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Quoted from this answer about the difference between filesystem user id and effective user id of a process, it says that

The FSUID is used for filesystem accesses, the EUID for other things.

What are these "other things"? I can only think of system calls like connecting to a socket, but besides filesystem interaction, anything else requires the process to have superuser rights as far as I know. So effective uids (and gids) I guess are pretty much pointless unless you are root.

Is anything else appart from system calls? I also know that user/group permissions affects the signals that can be send among processes but I'm not sure about how that works. Could maybe be added to the mix other kinds of interprocess communication like shared memory and such?

And also, if a user has permission to execute a certain file, executing it is considered a "filesystem permission"? Could that depend on the executable being a script (that requires the SO runs a process owned by the user that read the script line by line, and thus implies a filesystem read operation), or a binary (the file contents are directly copy-pasted to the RAM by the SO I guess)? And what if a file has execute but not read permission (for both, binary or textual executable)?

  • 1
    Yes, and it depends. You only executable permission to execute an ELF, and only read permission to execute a script stackoverflow.com/questions/52251097/… – 炸鱼薯条德里克 Mar 25 at 1:19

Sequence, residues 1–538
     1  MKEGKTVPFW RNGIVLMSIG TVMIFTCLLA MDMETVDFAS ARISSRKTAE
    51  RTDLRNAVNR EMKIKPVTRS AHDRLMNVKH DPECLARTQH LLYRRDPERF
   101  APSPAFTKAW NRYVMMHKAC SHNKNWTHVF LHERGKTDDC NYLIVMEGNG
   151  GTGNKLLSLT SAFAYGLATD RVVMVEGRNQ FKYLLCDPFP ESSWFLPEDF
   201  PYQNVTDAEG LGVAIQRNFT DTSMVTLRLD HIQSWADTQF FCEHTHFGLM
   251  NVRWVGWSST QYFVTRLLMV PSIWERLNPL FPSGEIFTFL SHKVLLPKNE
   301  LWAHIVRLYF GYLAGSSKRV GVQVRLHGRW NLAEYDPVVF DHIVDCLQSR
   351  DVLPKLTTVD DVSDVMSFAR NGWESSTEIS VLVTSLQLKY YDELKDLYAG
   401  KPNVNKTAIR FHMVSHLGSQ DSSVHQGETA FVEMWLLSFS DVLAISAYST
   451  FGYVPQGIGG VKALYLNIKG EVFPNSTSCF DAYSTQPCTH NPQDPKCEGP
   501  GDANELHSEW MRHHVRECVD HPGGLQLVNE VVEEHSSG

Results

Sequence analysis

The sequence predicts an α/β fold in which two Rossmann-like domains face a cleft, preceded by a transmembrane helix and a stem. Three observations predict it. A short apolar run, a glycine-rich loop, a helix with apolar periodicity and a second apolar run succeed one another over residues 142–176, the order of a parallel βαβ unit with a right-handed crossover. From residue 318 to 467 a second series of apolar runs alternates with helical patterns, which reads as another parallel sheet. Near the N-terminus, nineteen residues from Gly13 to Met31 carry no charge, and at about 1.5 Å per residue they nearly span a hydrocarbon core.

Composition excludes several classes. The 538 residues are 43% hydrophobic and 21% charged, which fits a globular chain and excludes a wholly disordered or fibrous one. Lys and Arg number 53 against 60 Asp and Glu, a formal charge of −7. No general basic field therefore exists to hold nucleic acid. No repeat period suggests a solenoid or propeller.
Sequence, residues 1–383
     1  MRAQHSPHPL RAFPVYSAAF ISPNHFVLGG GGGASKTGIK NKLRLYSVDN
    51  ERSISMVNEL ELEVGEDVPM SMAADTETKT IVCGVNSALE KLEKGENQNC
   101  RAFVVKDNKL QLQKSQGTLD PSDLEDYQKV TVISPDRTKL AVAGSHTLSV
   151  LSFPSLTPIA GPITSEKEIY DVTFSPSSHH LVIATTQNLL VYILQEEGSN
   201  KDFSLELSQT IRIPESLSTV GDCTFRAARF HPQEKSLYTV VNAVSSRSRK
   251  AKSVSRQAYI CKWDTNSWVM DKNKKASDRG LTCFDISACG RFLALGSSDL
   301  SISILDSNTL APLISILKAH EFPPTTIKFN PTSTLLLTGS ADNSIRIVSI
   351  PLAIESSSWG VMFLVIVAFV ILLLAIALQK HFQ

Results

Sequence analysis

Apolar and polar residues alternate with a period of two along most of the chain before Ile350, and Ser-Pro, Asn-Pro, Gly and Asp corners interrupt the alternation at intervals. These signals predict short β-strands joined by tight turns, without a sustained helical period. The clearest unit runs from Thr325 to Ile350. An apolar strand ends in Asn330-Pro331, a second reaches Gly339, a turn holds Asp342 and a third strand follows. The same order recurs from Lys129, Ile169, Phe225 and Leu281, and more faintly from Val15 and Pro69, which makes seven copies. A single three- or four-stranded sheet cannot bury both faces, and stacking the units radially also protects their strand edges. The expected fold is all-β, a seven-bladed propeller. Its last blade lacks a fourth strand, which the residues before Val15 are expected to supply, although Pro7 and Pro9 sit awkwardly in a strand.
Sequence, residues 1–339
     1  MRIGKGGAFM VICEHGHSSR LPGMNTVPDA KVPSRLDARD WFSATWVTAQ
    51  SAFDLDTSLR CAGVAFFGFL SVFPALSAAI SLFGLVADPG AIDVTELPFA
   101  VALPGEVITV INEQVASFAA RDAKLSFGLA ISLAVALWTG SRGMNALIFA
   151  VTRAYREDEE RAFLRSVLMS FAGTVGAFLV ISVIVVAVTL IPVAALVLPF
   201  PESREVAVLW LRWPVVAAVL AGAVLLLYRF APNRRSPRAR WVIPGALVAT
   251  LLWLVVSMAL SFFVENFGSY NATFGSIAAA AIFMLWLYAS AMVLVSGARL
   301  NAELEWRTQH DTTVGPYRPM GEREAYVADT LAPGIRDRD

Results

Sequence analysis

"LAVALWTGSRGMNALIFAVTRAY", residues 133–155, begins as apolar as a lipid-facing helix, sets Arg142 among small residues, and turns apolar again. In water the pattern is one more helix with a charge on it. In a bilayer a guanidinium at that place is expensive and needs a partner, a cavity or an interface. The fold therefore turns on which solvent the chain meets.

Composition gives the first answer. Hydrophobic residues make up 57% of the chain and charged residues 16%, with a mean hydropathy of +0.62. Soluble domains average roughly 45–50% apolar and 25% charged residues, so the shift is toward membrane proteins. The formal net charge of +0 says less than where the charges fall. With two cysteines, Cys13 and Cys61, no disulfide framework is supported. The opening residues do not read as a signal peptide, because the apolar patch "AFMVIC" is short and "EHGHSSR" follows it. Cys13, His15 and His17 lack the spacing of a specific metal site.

• @炸鱼薯条德里克 You need execute permissions to write on a terminal ./script.sh for instance (or to execute it by double clicking). If you don't, you need to write bash script.sh. – Peregring-lk Mar 25 at 1:23
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The effective IDs are used for a range of purposes.

Signal sending, as described in kill(2):

   For  a process to have permission to send a signal, it must either
   be privileged (under Linux: have the CAP_KILL  capability  in  the
   user  namespace  of  the target process), or the real or effective
   user ID of the sending process must equal the real or  saved  set-
   user-ID  of  the  target process.  In the case of SIGCONT, it suf‐
   fices when the sending and receiving processes belong to the  same
   session.

When creating System V IPC objects, as described in (for example) msgctl(2):

   If a new message queue is created, then its associated data struc‐
   ture msqid_ds (see msgctl(2)) is initialized as follows:

          msg_perm.cuid  and  msg_perm.uid  are  set to the effective
          user ID of the calling process.

          msg_perm.cgid and msg_perm.gid are  set  to  the  effective
          group ID of the calling process.

When setting the process nice value, as described in setpriority(2):

   EPERM  A  process  was  located, but its effective user ID did not
          match either the effective or the real user ID of the call‐
          er,  and  was  not  privileged  (on Linux: did not have the
          CAP_SYS_NICE capability).  But see NOTES below.

Likewise, when setting CPU affinity with sched_setaffinity(2):

   EPERM  (sched_setaffinity()) The  calling  thread  does  not  have
          appropriate privileges.  The caller needs an effective user
          ID equal to the real user ID or effective user  ID  of  the
          thread   identified   by   pid,  or  it  must  possess  the
          CAP_SYS_NICE capability in the user namespace of the thread
          pid.

Other examples include the following system calls: prlimit(2) and keyctl(2).

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